The 1964 Columbia River Treaty between the United States and Canada is currently under review. Under the treaty, the river is jointly operated by the two countries for hydropower and is the largest producer of hydropower in the western hemisphere. In considering the next phase of international river governance, the degree of uncertainty surrounding the drivers of change complicates efforts to predict and manage under traditional approaches that rely on historical ecosystem responses. At the same time, changes in social values have focused attention on ecosystem health, the decline of which has led to the listing of seven salmon and four steelhead populations under the U.S. Endangered Species Act. Although adaptive management is considered one approach to resource management in the face of uncertainty, an early attempt at its implementation in the U.S. portion of the basin failed. We explore these issues in the context of resilience, taking the position that while adaptive management may foster ecological resilience, it is only one factor in the institutional changes needed to foster social-ecological resilience captured in the concept of adaptive governance.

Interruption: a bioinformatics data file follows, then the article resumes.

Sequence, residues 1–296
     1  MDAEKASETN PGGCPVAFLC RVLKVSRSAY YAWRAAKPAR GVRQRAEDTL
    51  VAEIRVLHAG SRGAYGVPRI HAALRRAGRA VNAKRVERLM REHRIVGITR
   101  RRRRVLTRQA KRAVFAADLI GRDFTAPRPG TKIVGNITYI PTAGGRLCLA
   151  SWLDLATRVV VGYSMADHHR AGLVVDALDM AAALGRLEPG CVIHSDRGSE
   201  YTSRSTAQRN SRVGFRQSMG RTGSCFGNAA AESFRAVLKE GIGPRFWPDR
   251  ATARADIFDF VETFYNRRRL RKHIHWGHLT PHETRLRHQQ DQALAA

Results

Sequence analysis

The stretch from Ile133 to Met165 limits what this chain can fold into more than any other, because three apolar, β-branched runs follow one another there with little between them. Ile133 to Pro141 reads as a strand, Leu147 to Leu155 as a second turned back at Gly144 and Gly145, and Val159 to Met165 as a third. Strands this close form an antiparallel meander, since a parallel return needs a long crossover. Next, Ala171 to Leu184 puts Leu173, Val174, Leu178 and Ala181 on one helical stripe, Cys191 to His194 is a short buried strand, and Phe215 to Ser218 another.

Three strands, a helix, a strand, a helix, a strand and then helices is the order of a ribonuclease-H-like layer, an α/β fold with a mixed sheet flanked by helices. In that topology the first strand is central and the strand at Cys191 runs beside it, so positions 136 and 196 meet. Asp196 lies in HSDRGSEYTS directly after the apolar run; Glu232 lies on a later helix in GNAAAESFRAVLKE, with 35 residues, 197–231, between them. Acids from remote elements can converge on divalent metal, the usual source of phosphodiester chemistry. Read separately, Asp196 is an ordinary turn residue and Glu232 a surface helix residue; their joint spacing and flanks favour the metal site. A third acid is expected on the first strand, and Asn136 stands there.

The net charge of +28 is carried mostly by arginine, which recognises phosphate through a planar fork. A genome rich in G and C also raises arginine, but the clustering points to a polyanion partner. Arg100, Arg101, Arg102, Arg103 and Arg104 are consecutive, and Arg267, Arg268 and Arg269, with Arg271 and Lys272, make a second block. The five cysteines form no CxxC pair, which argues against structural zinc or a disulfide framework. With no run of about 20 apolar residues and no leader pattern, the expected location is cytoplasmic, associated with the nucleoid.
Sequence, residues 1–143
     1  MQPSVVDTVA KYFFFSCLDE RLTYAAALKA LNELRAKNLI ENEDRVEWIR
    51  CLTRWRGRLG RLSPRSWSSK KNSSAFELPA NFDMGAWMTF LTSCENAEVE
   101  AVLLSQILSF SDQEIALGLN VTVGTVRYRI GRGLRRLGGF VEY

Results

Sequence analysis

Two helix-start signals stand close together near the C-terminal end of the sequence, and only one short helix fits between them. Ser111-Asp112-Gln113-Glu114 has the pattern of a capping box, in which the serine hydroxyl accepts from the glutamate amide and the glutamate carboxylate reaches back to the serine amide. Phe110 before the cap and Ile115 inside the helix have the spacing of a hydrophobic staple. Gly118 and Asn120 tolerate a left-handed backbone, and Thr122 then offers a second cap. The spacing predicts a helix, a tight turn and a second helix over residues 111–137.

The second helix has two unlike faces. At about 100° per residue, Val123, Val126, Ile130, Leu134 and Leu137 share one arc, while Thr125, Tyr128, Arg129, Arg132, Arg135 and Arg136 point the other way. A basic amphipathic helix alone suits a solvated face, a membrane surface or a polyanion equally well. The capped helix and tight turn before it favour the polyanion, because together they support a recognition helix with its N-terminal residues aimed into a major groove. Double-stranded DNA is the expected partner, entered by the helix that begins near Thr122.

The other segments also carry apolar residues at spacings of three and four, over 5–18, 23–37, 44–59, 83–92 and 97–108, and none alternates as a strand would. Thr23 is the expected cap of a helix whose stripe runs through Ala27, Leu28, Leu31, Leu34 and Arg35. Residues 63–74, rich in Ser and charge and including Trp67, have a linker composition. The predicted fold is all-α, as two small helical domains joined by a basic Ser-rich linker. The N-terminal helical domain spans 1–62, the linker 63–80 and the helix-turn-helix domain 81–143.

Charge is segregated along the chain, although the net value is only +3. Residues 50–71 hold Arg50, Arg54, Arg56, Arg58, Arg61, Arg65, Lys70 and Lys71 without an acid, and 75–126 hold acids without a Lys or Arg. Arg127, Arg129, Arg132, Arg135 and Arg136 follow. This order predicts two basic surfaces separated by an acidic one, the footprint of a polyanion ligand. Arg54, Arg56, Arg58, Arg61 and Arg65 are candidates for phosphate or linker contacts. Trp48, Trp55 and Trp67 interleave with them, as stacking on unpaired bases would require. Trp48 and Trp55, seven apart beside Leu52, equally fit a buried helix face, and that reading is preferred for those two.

17(4) Ecology & Soc'y 3 (2012)